The Domain Name System, or DNS, is an essential part of the internet – and yet most people don’t even know it exists.
It is often referred to as the phone book of the internet, as its basic function is to translate user-friendly domain names into Internet Protocol (IP) addresses. This makes browsing the internet more straightforward as users don’t have to remember long, complicated IP addresses. But it also means that your device needs to perform a DNS query every time you want to visit a website, which can make browsing sluggish if your DNS servers aren’t up to scratch.
When you sign up to an Internet Service Provider (ISP), a common misconception is that you have to use the servers assigned by your ISP. The fact is, you can use whichever ones you like – and changing your DNS server can benefit both the speed and stability of your connection.
There are lots of free public DNS services available and they all have different pros and cons, but there are a couple of things that can affect how each DNS performs. Finding the quickest DNS server isn’t always a matter of choosing the one most frequently cited for speed.
What can affect the speed of your DNS?
You may have come across Cloudflare while looking for a super-fast public DNS. Their website boasts the fastest speeds on the internet, and many would agree. The difficulty is that not everyone will enjoy the same speeds, because those living in closer proximity to a particular server will enjoy some of the fastest speeds around. Those living thousands of miles from one may not experience such a speedy service.
Security considerations complicate the issue as choosing the right DNS resolver is about more than just speed. Fortunately for you, we’ve put together a roundup of some of the internet’s most highly coveted DNS servers. Take a look, and see which ones tick the boxes for you.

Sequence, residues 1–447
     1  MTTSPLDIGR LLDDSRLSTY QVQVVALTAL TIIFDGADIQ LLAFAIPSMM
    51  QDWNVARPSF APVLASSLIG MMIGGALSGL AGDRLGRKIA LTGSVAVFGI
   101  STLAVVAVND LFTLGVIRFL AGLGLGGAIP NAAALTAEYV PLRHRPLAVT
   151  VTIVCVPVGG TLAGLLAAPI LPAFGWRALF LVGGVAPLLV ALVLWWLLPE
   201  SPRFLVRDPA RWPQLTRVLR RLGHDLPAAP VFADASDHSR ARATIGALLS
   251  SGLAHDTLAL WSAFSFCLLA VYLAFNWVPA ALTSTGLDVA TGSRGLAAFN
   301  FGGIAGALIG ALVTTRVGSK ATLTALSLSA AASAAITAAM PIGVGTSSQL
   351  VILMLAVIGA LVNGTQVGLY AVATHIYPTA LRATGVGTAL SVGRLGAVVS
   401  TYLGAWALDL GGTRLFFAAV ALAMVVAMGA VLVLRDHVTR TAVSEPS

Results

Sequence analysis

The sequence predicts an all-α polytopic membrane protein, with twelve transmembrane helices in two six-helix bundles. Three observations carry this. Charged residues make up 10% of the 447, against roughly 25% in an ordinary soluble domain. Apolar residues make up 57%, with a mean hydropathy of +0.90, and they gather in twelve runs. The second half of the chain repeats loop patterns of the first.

OpenDNS has been around for over a decade and is one of the most well-known names in public DNS. It offers plenty of benefits, including high speeds, in-built protection against phishing sites, parental controls and free technical support.
If you’re nervous about setting up your own DNS server, OpenDNS also comes with setup instructions for a variety of devices, including Macs, smartphones and routers.
Google Public DNS
Google is a big name in the world of technology and has its own public DNS system that you can access for free.
The service records your IP address for up to 48 hours and some information, though it’s anonymised, is permanently logged. This poses a problem for some users, as many wish to change their DNS to avoid this sort of surveillance.
Google’s support site only offers a very limited amount of information as well, so it’s not for the inexperienced.
Cloudflare is a US company with a range of online services. The latest is the snappily-titled public DNS service 126.96.36.199.
Cloudflare operates a no-frills DNS service, with none of the added security measures you may find on other DNS networks. Instead, its focus is on performance and privacy.
Cloudflare boasts the fastest, independently verified public DNS service in the world and promises never to commit your IP address to disk. They also commission annual audits by third parties to confirm their commitments.
If you’re a newbie to DNS, cloudflare provides plenty of guidance on how to configure your device, with tutorials on setting up everything from Windows PCs and Macs to smartphones and routers. Should you encounter any issues, they also have a community forum where you can post questions and look for advice.
DNS.watch is a pretty small DNS service, but as it’s so small, its servers receive a relatively low volume of traffic and it’s unlikely to be blocked by government agencies.
DNS.watch also promises never to sell your data logs to shady advertisers, and their DNS resolvers are designed not to log any queries, meaning your privacy is protected.
Hopefully, now that you know what to look out for in your DNS resolver, as well as the pros and cons of some of the most popular services, you’ll feel more confident about making a decision when it comes to configuring your device. However, if you are still reluctant to use VPN, you might need a credible ISP that can rely on such as AT&T, click here to check out the review about their price and plan
Do be aware that if you’re browsing the internet via VPN, some internet service providers will leak your DNS details even when the VPN is active and should be protecting your personal data. If this is something you’re worried about, it’s all the more reason to manually configure your default DNS settings and pick a server that won’t override the VPN.
If you’re concerned that a DNS leak could be affecting your privacy, use a free tool like HMA!’s DNS leak checker to find out whether your connection is protected.